The Wild Atlantic Way has become a staple attraction for tourists when visiting Ireland. But trying to figure out which stops to go to can be difficult. There are 159 Discovery Points along the entire way. Each one highlight distinct areas each chosen for their potential to offer an authentic and intimate experience of the natural and wild landscape and seascape. Here ae some highlights in Co Clare all of which are easily accessible.
Wild Atlantic Way Discovery Points in County Clare…
The Flaggy Shore is one side of a small peninsula that stretches from the village of New Quay to Finvarra Point and is one of the most northerly parts of County Clare. It is famous for its limestone pavements and fossils that are embedded in the rock, including sculptured rocks along the shore called ‘Biokarst’, against a backdrop of the rising undulating landscape of Burrin Hill. The shore itself is most beautiful but what makes the Flaggy Shore so distinctive is the wonderful views to the west and north to Galway Bay and the mountains beyond.
Ballyvaughan Pier is in the northwest corner of The Burren, considered by many to be a unique landscape. Ballyvaughan village is nestled within the furthest corner of the south shores of Galway Bay under the high ridge of Gleninagh Mountain which affords shelter from westerly gales. The harbour is defined by a 50m long pier and a working quay used by the boats that ply the bay. Both locations are favourite places for anglers. Ballyvaughan is a small harbour village in County Clare located off the N67 along the southern shores of Galway Bay.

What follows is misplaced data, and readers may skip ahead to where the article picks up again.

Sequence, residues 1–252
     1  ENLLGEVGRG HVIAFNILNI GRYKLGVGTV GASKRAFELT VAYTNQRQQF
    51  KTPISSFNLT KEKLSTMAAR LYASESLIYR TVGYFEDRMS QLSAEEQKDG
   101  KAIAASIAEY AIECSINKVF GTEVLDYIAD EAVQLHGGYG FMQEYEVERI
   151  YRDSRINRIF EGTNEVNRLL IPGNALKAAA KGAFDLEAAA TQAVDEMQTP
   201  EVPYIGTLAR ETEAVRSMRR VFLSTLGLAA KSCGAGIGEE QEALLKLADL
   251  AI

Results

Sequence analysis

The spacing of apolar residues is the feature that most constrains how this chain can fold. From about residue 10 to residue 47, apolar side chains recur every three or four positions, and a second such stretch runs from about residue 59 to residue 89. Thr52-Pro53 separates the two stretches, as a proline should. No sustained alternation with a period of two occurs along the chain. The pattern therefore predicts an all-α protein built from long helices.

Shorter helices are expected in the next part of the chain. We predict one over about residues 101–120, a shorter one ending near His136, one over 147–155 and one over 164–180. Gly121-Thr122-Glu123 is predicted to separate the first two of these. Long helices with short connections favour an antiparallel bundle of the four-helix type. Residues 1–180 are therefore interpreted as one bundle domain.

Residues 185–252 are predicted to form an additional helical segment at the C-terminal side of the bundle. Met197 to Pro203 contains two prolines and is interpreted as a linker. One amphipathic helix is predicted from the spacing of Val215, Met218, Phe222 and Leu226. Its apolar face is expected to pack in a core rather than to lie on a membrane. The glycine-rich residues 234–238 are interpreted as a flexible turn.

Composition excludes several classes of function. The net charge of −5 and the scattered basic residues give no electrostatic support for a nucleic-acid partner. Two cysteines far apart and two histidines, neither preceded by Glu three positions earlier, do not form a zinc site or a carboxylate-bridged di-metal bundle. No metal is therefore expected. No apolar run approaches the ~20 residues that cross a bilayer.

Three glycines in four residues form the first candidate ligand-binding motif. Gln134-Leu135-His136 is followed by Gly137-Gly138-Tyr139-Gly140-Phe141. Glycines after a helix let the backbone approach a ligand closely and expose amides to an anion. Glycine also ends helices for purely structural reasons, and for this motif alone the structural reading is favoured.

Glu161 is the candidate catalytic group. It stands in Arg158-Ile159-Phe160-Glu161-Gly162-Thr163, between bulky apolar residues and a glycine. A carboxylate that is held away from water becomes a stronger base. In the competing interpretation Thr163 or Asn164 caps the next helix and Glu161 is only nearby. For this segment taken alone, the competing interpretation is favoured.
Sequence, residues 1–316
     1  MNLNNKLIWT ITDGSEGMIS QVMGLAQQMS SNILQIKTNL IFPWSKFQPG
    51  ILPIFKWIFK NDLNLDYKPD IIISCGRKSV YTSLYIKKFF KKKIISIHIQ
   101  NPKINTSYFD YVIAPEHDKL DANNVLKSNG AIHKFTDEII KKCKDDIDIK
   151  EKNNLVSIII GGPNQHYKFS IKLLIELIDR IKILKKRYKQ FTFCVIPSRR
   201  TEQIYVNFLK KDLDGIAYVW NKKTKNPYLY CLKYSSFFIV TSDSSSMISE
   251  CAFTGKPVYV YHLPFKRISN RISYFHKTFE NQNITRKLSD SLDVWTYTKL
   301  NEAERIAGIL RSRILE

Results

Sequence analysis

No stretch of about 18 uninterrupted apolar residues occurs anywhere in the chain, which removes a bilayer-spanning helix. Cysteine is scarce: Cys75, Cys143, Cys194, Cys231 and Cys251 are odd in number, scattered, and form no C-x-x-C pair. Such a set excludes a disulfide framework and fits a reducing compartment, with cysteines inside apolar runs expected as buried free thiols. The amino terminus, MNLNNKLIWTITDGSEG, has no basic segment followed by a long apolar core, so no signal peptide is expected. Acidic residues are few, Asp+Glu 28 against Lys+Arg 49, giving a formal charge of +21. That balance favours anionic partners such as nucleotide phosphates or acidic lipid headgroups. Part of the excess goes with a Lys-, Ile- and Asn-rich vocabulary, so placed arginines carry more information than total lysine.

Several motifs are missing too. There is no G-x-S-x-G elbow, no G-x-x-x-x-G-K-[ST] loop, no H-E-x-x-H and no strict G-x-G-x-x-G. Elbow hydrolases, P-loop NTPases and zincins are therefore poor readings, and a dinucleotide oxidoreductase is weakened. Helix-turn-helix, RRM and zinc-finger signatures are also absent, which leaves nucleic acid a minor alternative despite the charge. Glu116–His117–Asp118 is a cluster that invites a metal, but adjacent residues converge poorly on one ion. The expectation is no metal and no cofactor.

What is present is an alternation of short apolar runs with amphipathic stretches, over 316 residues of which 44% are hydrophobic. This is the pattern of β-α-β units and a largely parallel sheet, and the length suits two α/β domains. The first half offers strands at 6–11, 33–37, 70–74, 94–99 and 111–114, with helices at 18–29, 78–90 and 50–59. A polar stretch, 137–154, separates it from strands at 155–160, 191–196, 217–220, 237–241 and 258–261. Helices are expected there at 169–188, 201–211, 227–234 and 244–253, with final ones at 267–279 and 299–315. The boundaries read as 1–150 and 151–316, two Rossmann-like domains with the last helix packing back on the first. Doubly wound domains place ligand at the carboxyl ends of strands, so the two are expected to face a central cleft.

Black Head Discovery Point is characterised by the ‘lunar’ landscape of the Burren comprising smooth rocks and bordered sheer gullies known as ‘grikes’. The lighthouse at this headland is surrounded by a bizarre scenery of steep limestone cliffs and a rocky coast, that looks like it came from another world. Abundant flora grows within these grikes some distinctive to the Burren such as the maiden fern. Car Parking spaces are limited at the informal layby. The 26km Black Head Loop Walk begins at Fanore Beach and follows the coast around Black Head via Green Road in addition to the neighbouring Gleninagh Pass, Cappanawalla, Feenagh Valley and Ballelly.
Fanore Beach is located within the heart of the Burren and is one of nine sites of geological importance that form the basis of the Burren and Cliffs of Moher Global Geopark. Fanore is a relatively unspoiled long narrow Atlantic facing beach behind a broad expanse of sand dunes with the Burren as a spectacular backdrop. The beach is in close proximity to Fanore village which includes a coffee shop, pub, shop and campsite and is very popular with walkers, surfers, tourists and is particularly interesting to botanists, owing to its position on the edge of the Burren.
Cliffs of Moher
The Cliffs of Moher is one of nine sites of geological importance and is part of the Burren and Cliffs of Moher Geopark region. The Cliffs of Moher are one of Ireland’s most visited natural attractions. The Cliffs of Moher and Visitor Centre are open all year round. Highlights include over 800m of cliff edge paths and viewing areas, the gothic style 19th century O’Briens Tower near the highest point of the cliffs and the eco-friendly underground visitor centre building containing visitor services and facilities, gift shop, restaurant & coffee shop and the award winning Atlantic Edge Exhibition. As a special protected area (SPA) for seabirds the Cliffs are home to over 30,000 pairs of seabirds. Internationally significant numbers of both Guillemots and Razorbill can be found here along with Puffins, Kittiwakes, Fulmars, Peregrine Falcons and Choughs.